Designing around an awful logo
I'm looking for some opinions on how to approach an interesting problem I've encounted.
I dabble in UX/graphic design, specifically for the web. Mostly static sites. I do this all on my own time as a side business and it's something that I would like to go in to full time. By day, I'm a software engineer for a company that has absolutely nothing to do with design or UX. However, we do have an extremely out of date website. Today, our boss called a meeting to discuss with me and one other employee who specializes in back-end scripting to express a desire to redesign the site. She has seen my work and very much enjoys what I do, and will allow me to take credit for the site using my external LLC rather than advertising the site as an inside job. She also pointed me towards 4 other people in the same industry who are in dire need of the same sort of services that she would like to recommend me to. In other words, this would be a huge portfolio building opportunity.
But there's one problem. She is absolutely insistent on keeping the same company logo, and it's truly awful. The typeface has very poor contrast with the graphical elements, it's poorly kerned and spaced, and in places the text can't even be read. She had several horrible ideas for the web design that she very gracefully allowed me to shoot down but she made it very clear that she wouldn't bend on the logo. Partially because it was designed by her son, and partially because in our industry we intentionally try to minimize our exposure to a very small group of people and so consistent branding is important. It's a logo that has been going out on business cards, presentation watermarks, and the like for around 9 years, so she feels that changing our visual brand identity would be a problem.
What advice do you have about designing around an ugly keystone element like this? The website design will go through with or without me, and if I'm not involved then it will be rebuilt from the ground up completely internally, no other consultants. Plus I would lose out on the potential for a small handful of additional freelance clients. And I'd love to add some businesses to my portfolio and some quick consulting cash to my wallet so I can close out my last semester of university in the black and start paying off my student loans immediately.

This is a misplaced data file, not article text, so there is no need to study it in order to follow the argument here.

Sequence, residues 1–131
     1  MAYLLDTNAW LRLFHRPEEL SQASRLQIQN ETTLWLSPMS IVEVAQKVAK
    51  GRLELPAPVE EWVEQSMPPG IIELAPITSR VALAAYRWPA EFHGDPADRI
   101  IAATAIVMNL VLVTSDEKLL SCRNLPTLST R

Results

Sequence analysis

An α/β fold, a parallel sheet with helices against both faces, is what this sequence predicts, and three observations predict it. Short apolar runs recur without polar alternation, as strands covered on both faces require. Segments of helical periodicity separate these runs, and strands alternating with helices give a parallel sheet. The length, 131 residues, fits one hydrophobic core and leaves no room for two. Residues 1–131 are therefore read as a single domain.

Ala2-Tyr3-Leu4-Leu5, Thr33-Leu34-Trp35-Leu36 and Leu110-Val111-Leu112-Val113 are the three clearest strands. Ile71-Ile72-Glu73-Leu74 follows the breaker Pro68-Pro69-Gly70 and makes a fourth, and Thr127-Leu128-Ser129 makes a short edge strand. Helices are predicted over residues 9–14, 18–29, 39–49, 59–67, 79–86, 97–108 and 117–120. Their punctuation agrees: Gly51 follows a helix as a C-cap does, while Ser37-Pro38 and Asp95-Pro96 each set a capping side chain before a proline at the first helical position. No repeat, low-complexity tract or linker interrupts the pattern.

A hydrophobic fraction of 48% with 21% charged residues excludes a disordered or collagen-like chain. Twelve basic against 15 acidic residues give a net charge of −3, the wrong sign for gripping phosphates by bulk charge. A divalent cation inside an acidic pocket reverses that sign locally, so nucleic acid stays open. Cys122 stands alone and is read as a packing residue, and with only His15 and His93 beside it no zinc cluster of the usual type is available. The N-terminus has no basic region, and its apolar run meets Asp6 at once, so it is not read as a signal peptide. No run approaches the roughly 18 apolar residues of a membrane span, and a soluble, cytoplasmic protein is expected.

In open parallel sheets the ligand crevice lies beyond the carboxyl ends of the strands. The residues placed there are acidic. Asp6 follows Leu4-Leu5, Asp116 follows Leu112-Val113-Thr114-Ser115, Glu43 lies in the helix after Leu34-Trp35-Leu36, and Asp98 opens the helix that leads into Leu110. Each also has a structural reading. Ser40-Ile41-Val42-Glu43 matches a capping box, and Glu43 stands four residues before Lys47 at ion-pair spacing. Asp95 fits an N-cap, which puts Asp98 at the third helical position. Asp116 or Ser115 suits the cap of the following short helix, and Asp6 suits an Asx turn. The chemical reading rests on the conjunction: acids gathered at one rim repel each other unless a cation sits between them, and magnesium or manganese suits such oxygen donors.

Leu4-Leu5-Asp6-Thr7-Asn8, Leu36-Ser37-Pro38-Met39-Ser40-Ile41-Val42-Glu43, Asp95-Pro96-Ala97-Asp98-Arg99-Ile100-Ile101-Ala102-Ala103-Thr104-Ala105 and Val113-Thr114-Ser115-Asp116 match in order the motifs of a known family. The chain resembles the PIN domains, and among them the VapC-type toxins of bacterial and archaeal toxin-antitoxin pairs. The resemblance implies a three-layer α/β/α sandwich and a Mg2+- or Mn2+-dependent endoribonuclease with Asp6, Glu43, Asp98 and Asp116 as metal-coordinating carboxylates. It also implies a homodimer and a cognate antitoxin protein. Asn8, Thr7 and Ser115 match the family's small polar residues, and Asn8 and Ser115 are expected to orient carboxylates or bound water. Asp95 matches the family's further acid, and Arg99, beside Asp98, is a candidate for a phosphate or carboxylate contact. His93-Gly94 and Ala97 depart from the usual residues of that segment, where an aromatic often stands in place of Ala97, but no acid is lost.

There are a few things you could try to do:
- If the logo is simple, make it monochrome to neutralize any garish colors. Depending on the logo, you may even be able to do so if it's more complicated.
- If they don't have the logo in vector format, you could recreate it, giving it a slight, but subtle refresh. This way you can improve any blurriness as well.
- If drastic gradients are a problem, tone them down.
- Minimize the logo in the design and emphasize either the products or people. Draw the eye away from the logo.
- Use the company name as a logotype at the top, with the real logo at the bottom.
- Emphasize the importance of testing and then offer to create a few variations that maintain the spirit of the original logo. Then test them. She may be more open to change if the logo tests poorly among people who have no stake in the decision.
- Don't show her the GAP logo redesign.
At the end of the day, however, you may have no choice but to use the logo as is. In that case, many of the suggestions Jaips gave would be appropriate.
It's important to keep perspective as well. The hardest part of going to full-time freelance is building your initial portfolio. Don't forsake this job and the others for the sake of a logo. I've seen many very busy web studios that don't do good work. It's better to have actual client sites in your portfolio, even if not all of them are completely representative of what you can do, than to have no portfolio (or money) at all. Many potential clients won't know a good design from a bad one at first glance anyways. Also, you don't have to put every site you do in your portfolio and once they're there, you don't have to keep them there.